Politics & Government

McCain's poverty tour filled with contradictions

Lisa Workman, of Inez, Ky., greets Sen. John McCain outside the Old Martin County Courthouse.
Lisa Workman, of Inez, Ky., greets Sen. John McCain outside the Old Martin County Courthouse. Mary Altaffer / AP

GEE'S BEND, Ala. — For John McCain, it was either the perfect political photo op that reflected an image he's worked years to polish or a moment of striking, and potentially damaging, political dissonance.

It was a breezy, sunny day this week in lush southwest Alabama. McCain was surrounded by friendly African-American ladies serenading him with spirituals as they rode a ferry across the muddy Alabama River.

McCain, sporting his Navy cap and sunglasses, even scampered to the bridge to take a turn at the wheel, news cameras clicking away to record his moment as helmsman.

Perfect image — the maverick Republican wooing a voter group that few in his party bother to court.

Except that McCain, the longtime scourge of congressional "earmark" spending who's promised to veto every bill with earmarks if he's elected president, was aboard a ferry that's financed by a $2 million earmark in a 2005 spending bill.

McCain said there was no inconsistency because the ferry, which connects a tiny, isolated hamlet to a larger town, was a worthy project.

"It's fine with me," McCain said. "What's not fine with me is we don't have the competition and the fair comparison between any earmarked project and others that may be as valuable."

There were other jarring moments on McCain's weeklong "It's Time for Action" tour, which took him to rural Alabama; hard-bitten urban Youngstown, Ohio; bleak Appalachia; and the Katrina-ravaged Ninth Ward of New Orleans.

In Youngstown, McCain sounded like a populist, decrying an education system in which those who live in affluent areas have access to better schools than those who live in poor areas. Yet he defended the system of paying for schools through local taxes, which helps create that dichotomy because rich localities can afford better schools than poor ones can.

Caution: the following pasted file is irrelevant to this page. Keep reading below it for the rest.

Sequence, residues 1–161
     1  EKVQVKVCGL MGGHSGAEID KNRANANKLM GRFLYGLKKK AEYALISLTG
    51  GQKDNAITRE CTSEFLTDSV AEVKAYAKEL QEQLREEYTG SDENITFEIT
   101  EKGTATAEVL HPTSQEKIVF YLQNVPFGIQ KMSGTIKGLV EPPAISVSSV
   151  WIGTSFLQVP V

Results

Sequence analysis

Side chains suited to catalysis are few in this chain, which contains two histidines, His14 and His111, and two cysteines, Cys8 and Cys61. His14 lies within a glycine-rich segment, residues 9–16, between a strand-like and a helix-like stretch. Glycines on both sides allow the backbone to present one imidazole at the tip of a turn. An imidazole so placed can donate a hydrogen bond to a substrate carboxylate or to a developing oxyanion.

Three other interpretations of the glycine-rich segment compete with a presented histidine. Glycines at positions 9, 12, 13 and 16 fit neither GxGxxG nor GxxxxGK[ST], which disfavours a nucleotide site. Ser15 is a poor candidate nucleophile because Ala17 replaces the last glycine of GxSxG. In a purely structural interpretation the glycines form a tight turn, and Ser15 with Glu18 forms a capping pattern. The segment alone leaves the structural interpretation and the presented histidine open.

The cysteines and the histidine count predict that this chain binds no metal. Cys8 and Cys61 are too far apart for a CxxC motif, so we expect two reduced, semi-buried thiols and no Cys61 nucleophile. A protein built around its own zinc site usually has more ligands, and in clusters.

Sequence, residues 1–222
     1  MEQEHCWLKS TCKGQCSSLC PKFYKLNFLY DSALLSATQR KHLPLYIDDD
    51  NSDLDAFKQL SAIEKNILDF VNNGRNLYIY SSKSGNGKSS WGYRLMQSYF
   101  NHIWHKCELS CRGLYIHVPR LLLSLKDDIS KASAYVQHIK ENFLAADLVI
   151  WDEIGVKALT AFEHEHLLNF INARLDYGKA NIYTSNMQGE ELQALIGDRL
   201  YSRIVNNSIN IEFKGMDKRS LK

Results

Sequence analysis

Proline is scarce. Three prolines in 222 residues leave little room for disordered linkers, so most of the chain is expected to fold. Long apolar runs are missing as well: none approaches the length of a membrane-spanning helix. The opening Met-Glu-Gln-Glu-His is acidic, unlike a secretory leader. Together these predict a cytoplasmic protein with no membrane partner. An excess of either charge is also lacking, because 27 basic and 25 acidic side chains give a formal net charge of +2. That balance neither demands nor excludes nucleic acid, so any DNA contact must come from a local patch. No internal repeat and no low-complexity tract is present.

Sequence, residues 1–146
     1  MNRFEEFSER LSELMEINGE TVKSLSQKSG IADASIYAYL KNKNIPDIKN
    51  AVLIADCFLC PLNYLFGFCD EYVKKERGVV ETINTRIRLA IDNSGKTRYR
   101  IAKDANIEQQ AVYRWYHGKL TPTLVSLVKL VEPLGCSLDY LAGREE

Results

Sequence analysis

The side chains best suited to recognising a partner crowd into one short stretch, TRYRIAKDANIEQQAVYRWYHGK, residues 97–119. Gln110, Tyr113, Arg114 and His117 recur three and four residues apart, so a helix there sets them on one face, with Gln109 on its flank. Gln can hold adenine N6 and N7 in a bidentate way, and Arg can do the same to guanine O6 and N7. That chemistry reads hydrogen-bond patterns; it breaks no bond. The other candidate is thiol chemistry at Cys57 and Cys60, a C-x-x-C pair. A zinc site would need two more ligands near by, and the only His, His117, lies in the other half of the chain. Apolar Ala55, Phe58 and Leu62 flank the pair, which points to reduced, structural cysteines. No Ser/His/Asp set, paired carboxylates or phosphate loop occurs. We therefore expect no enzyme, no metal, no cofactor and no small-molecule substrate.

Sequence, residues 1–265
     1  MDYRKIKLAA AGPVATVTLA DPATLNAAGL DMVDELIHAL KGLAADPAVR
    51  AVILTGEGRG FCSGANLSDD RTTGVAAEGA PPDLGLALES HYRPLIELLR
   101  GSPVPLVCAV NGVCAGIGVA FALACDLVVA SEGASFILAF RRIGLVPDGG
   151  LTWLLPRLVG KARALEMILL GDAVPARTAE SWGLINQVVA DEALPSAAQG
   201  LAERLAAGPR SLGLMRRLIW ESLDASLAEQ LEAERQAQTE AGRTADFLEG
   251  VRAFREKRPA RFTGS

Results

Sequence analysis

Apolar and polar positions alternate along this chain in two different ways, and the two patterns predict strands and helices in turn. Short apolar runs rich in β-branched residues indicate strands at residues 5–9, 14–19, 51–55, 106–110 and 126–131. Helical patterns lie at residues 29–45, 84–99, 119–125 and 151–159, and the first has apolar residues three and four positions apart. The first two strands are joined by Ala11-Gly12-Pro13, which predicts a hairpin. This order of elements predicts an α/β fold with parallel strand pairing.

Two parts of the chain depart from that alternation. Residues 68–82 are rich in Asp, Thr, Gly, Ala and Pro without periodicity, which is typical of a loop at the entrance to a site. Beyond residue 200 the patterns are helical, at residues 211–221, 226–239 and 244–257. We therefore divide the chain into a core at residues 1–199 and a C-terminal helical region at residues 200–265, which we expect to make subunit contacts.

McCain also routinely decried "out-of-control federal spending," saying it's one of the biggest problems facing the country.

Yet in Youngstown, he said that the federal government likely would have to raise its investment in special education, given the increasing autism rates in the United States.

In Inez, Ky., he promoted federal subsidies to bring Internet access to rural areas and said he'd look at making it easier for part-time workers to get unemployment insurance.

In New Orleans, McCain said he supports a series of expensive measures to protect the city from floods, such as restoring barrier islands in the Gulf of Mexico, and said he'd like to see the abandoned homes of the Lower Ninth ward renovated and inhabited.

The Democratic National Committee slammed McCain as a hypocrite all week in a series of "John McCain Myth Buster" press releases. Earlier this month, DNC Chairman Howard Dean mocked McCain as a "flip-flopper."

McCain said his trip and his promises were consistent with his avowed conservatism.

"It's not that it changed any of my core principles and philosophies, but it sure makes me say, `OK, what are we gonna do here?'" McCain said. "How are we gonna work more innovatively and prioritize more. I believe the role of government is to help the needy and to give people a level playing field."

Still, McCain risks muddying his image in the public mind, said Karen Johnson-Cartee, an expert in political communication at the University of Alabama.

"When he goes into a place like Selma and says, `Y'all need this, that and the other,' to me, he's created a violation of type," meaning it goes against the image he's built over the years, Johnson-Cartee said. "You're only as good as how solid that public image is. ... Trust is all you've got, and if you violate that trust, you're screwed."

Mark Salter, a McCain senior adviser who's worked as hard as anyone to craft what the campaign calls "McCain's brand" over the past decade, disputed that assessment, saying that the tour's message fit right in with what people think about the Arizona senator.

"It's the essence of his authenticity," Salter said. "He puts his country before other considerations, be they personal or political. Everything he did this week showed that. If it's of concern to Americans anywhere, it's of concern to him."

McCain acknowledged several times over the week that he might not win many votes in Selma, Ala., or New Orleans. But independent and moderate voters throughout the country will see coverage of his trip — and be reminded of that carefully crafted image.

"It hits the central theme he's trying to raise," said Earl Black, a political scientist at Rice University in Houston. "He goes after a different group. ... He's trying to present a different image of the Republican Party."

Whether he was building his brand or expanding his experience, he certainly seemed to connect with voters.

"I just like his character," said Doug Hammond, a mechanic from Lovely, Ky.

"I just can't say anything bad about him," said Irene McCoy, a Wal-Mart employee from Pikeville, Ky.

"I love that he took the time and came here to see about us," said Mary Lee Bendolph, a quilter from Gee's Bend. "That meant something."

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